They Both Die at the End by Adam Silvera

Published: 5 September 2017 (print)/5 September 2017 (audio) Goodreads badge
Publisher:
HarperTeen/Harper Audio
Pages: 373/8 hrs and 30 mins
Narrators: Michael Crouch, Robbie Daymond, Bahni Turpin
Format: Audiobook
Genre: Young Adult
★   ★   ★  ★  ★ – 5 Stars

On September 5, a little after midnight, Death-Cast calls Mateo Torrez and Rufus Emeterio to give them some bad news: They’re going to die today.

Mateo and Rufus are total strangers, but, for different reasons, they’re both looking to make a new friend on their End Day. The good news: There’s an app for that. It’s called the Last Friend, and through it, Rufus and Mateo are about to meet up for one last great adventure—to live a lifetime in a single day.

I am so, so glad I kept reading this. I tried twice to get going but I don’t know whether it was too late at night or I wasn’t in the right mood on the day, but I almost didn’t keep reading. I’m glad I was rewarded for my persistence though because this is a beautiful story. This story answer the question about what would you do if you knew today would be your last day? Where would you go? What would you do? Who could you meet?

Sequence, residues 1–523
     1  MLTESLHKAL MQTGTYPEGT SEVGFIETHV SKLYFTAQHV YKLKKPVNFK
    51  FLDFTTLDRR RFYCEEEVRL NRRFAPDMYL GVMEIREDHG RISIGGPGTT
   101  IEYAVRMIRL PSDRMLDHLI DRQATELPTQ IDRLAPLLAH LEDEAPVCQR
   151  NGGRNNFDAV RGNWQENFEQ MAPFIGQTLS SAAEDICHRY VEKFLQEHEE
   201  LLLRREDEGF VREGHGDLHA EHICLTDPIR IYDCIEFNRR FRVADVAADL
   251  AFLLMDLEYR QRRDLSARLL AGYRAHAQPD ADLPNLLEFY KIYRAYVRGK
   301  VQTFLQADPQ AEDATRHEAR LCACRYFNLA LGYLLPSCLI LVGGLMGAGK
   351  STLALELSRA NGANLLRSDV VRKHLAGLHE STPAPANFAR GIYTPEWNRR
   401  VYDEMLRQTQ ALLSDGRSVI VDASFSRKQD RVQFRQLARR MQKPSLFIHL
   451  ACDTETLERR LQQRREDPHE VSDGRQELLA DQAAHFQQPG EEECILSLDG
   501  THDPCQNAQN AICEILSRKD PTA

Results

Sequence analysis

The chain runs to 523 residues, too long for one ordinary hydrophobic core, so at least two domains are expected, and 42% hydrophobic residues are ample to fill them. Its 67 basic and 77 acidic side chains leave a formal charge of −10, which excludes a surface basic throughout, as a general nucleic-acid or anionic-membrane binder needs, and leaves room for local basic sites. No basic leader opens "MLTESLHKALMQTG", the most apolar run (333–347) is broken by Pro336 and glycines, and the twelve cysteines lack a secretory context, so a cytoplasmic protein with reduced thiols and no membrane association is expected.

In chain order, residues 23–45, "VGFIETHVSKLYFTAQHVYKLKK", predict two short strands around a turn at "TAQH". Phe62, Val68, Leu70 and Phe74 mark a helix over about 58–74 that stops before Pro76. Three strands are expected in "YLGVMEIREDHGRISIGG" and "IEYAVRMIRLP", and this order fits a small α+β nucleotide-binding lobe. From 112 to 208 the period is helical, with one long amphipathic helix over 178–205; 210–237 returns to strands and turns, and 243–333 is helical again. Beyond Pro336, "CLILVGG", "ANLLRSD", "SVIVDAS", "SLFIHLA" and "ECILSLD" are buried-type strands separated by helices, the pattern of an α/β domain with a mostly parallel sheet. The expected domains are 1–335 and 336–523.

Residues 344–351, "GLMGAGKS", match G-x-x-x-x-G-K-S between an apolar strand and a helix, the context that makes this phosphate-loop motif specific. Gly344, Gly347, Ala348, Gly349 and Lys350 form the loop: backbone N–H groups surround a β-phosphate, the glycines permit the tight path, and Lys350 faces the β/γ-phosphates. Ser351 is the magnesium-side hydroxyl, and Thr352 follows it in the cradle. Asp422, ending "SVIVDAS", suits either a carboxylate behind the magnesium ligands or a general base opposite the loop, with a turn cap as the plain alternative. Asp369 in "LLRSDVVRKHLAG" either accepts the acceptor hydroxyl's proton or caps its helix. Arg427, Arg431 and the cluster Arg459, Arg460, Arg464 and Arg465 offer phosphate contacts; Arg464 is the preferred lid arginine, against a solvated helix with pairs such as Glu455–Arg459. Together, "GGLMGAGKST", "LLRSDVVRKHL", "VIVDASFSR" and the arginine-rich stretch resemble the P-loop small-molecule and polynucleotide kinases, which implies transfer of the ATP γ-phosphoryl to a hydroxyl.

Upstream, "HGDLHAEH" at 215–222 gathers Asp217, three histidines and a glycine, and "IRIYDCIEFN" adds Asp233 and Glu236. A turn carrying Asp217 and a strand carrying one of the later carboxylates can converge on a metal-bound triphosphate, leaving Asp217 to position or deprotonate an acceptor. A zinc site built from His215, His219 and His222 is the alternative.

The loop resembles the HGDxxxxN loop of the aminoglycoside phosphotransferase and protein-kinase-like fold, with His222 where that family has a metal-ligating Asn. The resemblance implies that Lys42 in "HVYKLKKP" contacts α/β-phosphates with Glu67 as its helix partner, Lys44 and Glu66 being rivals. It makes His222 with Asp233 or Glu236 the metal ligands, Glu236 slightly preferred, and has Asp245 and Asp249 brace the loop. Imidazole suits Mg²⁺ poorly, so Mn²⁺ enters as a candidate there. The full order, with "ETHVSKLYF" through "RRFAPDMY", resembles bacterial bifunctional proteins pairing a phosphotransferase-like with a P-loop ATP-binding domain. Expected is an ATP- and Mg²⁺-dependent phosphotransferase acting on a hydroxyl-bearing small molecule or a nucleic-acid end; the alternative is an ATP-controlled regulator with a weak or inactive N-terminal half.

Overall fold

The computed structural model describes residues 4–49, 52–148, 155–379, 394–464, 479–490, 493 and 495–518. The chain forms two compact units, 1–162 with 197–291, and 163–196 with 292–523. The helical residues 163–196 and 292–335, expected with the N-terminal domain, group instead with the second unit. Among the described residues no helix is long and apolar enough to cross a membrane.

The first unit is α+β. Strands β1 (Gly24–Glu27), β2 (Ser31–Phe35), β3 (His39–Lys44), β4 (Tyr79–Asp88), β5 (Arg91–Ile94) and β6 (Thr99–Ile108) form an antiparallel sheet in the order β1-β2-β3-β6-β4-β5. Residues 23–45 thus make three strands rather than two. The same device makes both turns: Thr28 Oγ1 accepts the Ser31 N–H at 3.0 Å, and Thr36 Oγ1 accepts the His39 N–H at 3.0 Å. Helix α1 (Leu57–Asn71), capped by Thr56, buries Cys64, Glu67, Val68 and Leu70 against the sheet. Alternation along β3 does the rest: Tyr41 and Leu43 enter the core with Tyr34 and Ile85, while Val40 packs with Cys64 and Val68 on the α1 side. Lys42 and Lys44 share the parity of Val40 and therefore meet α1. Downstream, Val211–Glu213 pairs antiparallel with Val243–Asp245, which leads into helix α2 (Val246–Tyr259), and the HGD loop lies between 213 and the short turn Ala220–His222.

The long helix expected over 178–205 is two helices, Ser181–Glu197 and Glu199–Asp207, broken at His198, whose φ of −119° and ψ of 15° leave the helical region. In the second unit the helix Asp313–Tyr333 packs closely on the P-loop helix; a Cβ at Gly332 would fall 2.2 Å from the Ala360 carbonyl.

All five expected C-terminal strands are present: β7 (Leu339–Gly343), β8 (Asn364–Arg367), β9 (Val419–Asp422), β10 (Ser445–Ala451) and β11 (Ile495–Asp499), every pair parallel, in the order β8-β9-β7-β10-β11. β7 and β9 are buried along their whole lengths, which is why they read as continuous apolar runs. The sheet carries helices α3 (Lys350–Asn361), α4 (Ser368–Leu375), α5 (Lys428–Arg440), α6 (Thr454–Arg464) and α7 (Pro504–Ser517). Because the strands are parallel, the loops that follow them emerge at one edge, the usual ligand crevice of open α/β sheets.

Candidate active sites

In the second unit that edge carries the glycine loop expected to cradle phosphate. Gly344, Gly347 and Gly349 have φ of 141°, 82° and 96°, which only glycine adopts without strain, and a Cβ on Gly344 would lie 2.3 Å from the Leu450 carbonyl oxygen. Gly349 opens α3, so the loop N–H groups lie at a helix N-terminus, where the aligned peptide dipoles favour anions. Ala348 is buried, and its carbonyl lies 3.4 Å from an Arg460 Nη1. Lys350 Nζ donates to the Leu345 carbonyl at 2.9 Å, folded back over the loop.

In this not so distant future the technology exists to let people know the day they will die. The problem is they don’t know until the day of when they get that fateful phone call. I loved that there was no explanation about how or why this system came into practice but it has been in long enough that people are used to it, but not so long either. I also loved how there were enough new technologies to allow people to experience things they never thought they would, and that society had evolved to allow spaces for those on their last days to enjoy themselves and be with others like them. This was also a brilliant way to explain and explore the world from so many different voices and experiences.